To make pragmatic recommendations on best practices for the engagement of patients in emergency medicine (EM) research.
We created a panel of expert Canadian EM researchers, physicians, and a patient partner to develop our recommendations. We used mixed methods consisting of 1) a literature review; 2) a survey of Canadian EM researchers; 3) qualitative interviews with key informants; and 4) feedback during the 2017 Canadian Association of Emergency Physicians (CAEP) Academic Symposium.
We synthesized our literature review into categories including identification and engagement, patients’ roles, perceived benefits, harms, and barriers to patient engagement; 40/75 (53% response rate) invited researchers completed our survey. Among respondents, 58% had engaged patients in research, and 83% intended to engage patients in future research. However, 95% stated that they need further guidance to engage patients. Our qualitative interviews revealed barriers to patient engagement, including the need for training and patient partner recruitment.
Our panel recommends 1) an overarching positive recommendation to support patient engagement in EM research; 2) seven policy-level recommendations for CAEP to support the creation of a national patient council, to develop, adopt and adapt training material, guidelines, and tools for patient engagement, and to support increased patient engagement in EM research; and 3) nine pragmatic recommendations about engaging patients in the preparatory, execution, and translational phases of EM research.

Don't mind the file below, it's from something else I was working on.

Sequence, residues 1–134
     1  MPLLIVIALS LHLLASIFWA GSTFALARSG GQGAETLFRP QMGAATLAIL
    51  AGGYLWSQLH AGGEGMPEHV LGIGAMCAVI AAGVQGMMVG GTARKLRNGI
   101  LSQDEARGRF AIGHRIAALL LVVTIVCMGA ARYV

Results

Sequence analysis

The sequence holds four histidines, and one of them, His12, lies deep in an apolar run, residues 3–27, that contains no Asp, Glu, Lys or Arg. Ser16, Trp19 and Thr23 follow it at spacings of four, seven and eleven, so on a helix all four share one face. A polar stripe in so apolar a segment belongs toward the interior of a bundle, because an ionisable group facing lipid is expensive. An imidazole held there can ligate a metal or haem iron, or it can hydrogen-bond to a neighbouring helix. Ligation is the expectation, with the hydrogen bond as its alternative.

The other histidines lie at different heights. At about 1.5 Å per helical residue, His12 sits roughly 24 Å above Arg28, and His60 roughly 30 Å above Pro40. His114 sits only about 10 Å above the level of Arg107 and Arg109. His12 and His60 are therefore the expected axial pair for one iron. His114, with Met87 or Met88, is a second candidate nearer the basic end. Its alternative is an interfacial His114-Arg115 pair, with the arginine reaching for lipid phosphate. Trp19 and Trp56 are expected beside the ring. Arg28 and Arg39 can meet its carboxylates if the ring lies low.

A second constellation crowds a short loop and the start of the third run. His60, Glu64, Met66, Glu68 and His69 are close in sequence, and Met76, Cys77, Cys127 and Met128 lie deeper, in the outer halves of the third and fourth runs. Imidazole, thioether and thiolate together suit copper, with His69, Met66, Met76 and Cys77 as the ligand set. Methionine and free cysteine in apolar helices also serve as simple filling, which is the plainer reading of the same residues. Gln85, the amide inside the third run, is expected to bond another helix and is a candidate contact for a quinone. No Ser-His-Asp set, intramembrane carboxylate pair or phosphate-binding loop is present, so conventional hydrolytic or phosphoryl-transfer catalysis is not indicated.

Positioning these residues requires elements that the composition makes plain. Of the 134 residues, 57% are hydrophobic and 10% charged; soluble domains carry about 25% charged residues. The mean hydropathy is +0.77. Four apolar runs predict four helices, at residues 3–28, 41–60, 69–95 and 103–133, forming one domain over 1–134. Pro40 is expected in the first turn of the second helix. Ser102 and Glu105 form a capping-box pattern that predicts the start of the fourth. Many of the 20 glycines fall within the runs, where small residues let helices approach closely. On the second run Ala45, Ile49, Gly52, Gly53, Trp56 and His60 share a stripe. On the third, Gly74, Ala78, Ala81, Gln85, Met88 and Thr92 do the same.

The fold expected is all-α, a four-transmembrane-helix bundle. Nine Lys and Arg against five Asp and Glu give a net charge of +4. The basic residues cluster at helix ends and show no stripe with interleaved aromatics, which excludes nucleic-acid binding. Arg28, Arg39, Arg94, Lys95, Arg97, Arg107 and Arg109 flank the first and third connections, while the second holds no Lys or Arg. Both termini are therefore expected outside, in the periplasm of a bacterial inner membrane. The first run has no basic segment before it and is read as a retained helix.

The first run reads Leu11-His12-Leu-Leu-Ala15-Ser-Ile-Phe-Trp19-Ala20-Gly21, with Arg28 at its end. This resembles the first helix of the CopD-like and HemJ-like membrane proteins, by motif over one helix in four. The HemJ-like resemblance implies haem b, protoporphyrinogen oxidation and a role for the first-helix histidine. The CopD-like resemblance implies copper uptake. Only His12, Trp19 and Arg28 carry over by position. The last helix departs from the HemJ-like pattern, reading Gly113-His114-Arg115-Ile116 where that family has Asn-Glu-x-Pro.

Patient engagement can improve EM research by helping researchers select meaningful outcomes, increase social acceptability of studies, and design knowledge translation strategies that target patients’ needs.
The topics of quality improvement (QI) and patient safety have become important themes in health care in recent years, particularly in the emergency department setting, which is a frequent point of contact with the health care system for patients. In the first of three articles in this series meant as a QI primer for emergency medicine clinicians, we introduced the strategic planning required to develop an effective QI project using a fictional case study as an example. In this second article we continue with our example of improving time to antibiotics for patients with sepsis, and introduce the Model for Improvement. We will review what makes a good aim statement, the various categories of measures that can be tracked during a QI project, and the relative merits and challenges of potential change concepts and ideas. We will also present the Model for Improvement’s rapid-cycle change methodology, the Plan-Do-Study-Act (PDSA) cycle. The final article in this series will focus on the evaluation and sustainability of QI projects.